University of Washington
2. The lessons we take from failure can be fundamental to later success. Recount an incident or time when you experienced failure. How did it affect you, and what did you learn from the experience?
I gasped when I peeked into Christine’s sketchbook, a kaleidoscope of vibrant colors and eye-popping characters. Hoping to see more of her drawings, I eagerly tried to befriend her. Although Christine covered her sketchbook at first, she slowly let her guard down and opened it.
As we became closer, we would sit at our circular table in the cafeteria and talk about our common interests: drawing and social justice. Passionately identifying the micro-aggressions around us, she often asked for my view. I felt naturally indignant about those injustices, yet too shy and immature to express my opinion. Frustrated, I joined the speech and debate team to keep up with Christine. I competed as an expository orator to better articulate my ideas and a Lincoln-Douglas debater to polish my arguments.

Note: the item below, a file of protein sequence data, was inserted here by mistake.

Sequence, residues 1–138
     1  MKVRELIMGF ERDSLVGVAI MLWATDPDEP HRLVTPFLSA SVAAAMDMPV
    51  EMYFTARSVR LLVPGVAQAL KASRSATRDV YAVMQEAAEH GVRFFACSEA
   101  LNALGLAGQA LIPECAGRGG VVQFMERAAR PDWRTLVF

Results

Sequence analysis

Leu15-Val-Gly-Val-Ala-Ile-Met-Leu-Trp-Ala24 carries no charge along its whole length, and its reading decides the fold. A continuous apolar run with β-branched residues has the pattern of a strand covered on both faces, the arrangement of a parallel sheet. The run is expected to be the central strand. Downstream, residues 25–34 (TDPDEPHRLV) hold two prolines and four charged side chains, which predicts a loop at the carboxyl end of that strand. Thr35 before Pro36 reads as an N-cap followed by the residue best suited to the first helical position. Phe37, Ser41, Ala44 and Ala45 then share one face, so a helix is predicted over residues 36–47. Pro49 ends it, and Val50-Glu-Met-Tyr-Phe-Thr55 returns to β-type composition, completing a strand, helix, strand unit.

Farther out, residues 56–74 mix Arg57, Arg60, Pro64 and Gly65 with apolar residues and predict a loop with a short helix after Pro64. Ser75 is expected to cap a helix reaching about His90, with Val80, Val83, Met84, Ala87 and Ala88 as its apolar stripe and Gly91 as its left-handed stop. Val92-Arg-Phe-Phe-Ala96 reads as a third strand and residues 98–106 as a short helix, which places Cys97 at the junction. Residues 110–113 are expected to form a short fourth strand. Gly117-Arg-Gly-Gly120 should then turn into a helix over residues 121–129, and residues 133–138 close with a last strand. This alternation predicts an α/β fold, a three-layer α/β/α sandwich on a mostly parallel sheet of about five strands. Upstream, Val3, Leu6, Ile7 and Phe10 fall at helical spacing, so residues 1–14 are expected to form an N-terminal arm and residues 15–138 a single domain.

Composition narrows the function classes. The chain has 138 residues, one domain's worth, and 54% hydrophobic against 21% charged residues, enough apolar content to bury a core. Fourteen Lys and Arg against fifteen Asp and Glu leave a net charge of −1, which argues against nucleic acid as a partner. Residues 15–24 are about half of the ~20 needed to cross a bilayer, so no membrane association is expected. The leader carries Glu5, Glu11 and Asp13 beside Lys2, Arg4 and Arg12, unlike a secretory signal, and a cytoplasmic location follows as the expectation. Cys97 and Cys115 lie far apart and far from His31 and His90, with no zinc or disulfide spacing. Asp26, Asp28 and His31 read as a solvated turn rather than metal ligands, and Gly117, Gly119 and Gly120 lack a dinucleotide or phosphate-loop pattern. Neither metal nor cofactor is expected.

Heavily involved in debate, I spent less time at our circular table with Christine. Although we were still friends, I only heard snippets of her life. So when I heard about her decision to forgo college, I was astonished. Knowing her potential, I was convinced that without a degree, her artistic talent would go unseen in this materialistic world. I needed her to go to college. I returned to the circular table. Surprised, Christine immediately...
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